Feb 22, 2012
Graduate Students Warren Herold and Alex Silk have been awarded Rackham Predoctoral Fellowships for 2012-13. Rackham Predoctoral Fellowships are extremely competitive and prestigious. The Fellowship supports outstanding doctoral students who have achieved candidacy and are actively working on dissertation research and writing. It provides awardees with a stipend for three terms of support, candidacy tuition, registration fees and health and dental coverage. Warren and Alex will be honored at reception held at Rackham in April. Please join us in congratulating this great achievement.
Warren Herold: AOS: Ethical Theory, Moral Psychology, History of Ethics
Dissertation Title: Empathy, Agency, and the Imagination: Themes from Adam Smith
I develop and explore a novel account of imaginative perspective-taking and moral evaluation. My methodology combines historical exegesis with contemporary research. After examining and critically evaluating Adam Smith’s great work of moral philosophy, The Theory of Moral Sentiments, I revise and expand Smith’s account in light of recent work in ethical theory, social and developmental psychology, the philosophy of mind, and aesthetics. My research yields two primary results. First, by correcting past interpretive errors and examining unexplored aspects of Smith’s account, my research yields a more accurate and complete understanding of Smith’s moral psychology. Second, by revising and expanding Smith’s account in light of recent research, my work moves beyond historical exegesis to produce something new: not just a new interpretation of Smith’s theory, but a new Smithian theory of imaginative perspective taking and moral evaluation – one with the potential to shed new light on a host of contemporary problems.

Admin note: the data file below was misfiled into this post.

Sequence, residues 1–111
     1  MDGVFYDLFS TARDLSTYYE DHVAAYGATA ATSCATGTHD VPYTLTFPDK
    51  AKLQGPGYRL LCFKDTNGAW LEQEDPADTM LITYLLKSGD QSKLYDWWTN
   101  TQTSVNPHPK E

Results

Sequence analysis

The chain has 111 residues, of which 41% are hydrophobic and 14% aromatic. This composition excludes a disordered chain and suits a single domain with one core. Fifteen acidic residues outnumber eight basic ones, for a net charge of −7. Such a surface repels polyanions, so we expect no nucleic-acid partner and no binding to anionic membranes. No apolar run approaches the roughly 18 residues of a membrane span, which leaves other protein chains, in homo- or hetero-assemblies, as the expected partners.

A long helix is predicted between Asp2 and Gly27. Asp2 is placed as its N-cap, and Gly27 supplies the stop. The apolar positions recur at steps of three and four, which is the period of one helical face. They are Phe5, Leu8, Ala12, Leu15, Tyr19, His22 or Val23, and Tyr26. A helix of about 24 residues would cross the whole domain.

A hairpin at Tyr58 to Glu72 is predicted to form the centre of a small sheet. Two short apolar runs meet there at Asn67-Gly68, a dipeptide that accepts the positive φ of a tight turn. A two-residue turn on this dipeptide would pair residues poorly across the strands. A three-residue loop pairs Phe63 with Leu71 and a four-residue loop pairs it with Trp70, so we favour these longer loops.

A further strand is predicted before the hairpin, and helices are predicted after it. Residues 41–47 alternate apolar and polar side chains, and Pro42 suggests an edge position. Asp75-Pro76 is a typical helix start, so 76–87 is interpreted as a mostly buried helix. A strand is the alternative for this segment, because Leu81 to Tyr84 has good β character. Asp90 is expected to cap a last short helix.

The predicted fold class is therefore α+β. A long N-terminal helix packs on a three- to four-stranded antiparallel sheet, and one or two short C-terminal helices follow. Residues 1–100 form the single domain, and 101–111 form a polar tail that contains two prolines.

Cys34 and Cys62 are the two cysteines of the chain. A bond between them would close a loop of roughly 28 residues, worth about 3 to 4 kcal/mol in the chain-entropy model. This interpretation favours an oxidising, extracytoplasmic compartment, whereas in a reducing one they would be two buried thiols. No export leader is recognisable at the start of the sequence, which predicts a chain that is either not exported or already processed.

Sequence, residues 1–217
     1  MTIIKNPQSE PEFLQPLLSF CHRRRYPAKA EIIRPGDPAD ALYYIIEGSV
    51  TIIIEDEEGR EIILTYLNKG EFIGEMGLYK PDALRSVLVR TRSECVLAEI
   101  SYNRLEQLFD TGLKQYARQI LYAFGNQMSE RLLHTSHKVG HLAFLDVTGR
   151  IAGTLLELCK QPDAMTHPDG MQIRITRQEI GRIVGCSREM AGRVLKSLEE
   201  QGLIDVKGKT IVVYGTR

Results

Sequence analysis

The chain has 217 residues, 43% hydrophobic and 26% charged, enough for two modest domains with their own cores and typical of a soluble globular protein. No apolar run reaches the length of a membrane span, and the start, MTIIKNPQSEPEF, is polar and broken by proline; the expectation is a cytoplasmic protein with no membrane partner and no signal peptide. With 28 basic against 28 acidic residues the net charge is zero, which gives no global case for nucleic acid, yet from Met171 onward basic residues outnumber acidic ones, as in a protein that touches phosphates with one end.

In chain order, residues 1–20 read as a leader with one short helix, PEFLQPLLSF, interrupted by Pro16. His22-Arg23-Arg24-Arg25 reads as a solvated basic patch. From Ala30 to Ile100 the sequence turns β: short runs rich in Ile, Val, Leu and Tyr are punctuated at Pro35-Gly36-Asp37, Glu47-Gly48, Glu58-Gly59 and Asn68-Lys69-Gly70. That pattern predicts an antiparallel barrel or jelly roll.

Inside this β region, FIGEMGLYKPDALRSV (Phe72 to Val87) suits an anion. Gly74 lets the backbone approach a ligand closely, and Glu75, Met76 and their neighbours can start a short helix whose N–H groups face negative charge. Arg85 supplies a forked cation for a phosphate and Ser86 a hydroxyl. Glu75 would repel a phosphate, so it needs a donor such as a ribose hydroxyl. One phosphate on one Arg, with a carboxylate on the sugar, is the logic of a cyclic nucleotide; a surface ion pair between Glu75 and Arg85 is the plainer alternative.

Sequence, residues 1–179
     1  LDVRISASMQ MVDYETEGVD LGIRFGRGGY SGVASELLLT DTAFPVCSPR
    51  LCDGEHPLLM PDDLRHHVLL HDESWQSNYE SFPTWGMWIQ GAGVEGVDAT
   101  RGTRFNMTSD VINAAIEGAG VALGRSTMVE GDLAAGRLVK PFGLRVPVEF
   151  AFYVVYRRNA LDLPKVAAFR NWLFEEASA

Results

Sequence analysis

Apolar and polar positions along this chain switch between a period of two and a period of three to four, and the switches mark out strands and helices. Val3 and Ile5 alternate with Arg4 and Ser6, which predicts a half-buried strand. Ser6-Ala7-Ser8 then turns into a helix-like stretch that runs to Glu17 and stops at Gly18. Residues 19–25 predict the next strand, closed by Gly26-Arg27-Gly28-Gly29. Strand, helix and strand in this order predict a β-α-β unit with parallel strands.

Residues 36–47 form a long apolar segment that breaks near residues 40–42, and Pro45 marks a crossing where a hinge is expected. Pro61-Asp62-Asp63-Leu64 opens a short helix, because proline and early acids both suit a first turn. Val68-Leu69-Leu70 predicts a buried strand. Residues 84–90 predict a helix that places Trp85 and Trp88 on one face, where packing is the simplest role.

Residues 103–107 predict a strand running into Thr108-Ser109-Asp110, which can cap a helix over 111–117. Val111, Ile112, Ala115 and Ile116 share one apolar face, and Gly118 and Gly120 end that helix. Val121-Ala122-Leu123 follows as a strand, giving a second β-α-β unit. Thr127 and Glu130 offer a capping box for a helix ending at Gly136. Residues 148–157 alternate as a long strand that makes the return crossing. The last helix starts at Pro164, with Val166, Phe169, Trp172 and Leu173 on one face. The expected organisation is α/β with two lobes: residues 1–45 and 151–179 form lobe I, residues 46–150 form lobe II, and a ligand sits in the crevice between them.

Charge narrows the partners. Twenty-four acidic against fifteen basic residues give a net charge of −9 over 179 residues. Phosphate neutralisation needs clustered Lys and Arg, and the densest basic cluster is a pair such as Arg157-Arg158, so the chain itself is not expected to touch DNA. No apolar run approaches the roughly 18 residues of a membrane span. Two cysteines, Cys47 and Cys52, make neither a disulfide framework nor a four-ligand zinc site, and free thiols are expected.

Alex Silk: AOS: Metaethics, Language, Ethics, Moral Psychology
Dissertation Title: The Meanings of Normative Terms and Why It Matters for Ethical Theory
My dissertation defends a linguistically informed metaethical theory of the meanings of various types of normative expressions, and then uses this theory to illuminate several otherwise puzzling phenomena in ethical theory. Chapter 1 motivates and develops what I call a “condition semantics” for ethical terms: Unlike ordinary factual sentences, ethical sentences function not to carry information about the world, but to distinguish among, or place conditions on, ethical standards. Chapter 2 argues that deontic betterness between possibilities cannot be assessed independently of which possibilities are considered live; this hypothesis helps generate an improved semantics for claims about what we should do given our evidence. Chapter 3 defends a response to the “detaching problem”: Unembedded ‘ought’-claims can be derived (“detach”) from hypothetical imperatives and their antecedent conditions. These “detached” ‘ought’-claims play a crucial role in practical reasoning. Chapter 4 develops a novel, improved semantics for claims about what is “good relative to” an agent. By adopting this semantics, “agent-relative” forms of consequentialism can counter charges of being unable to coherently capture certain deontological intuitions.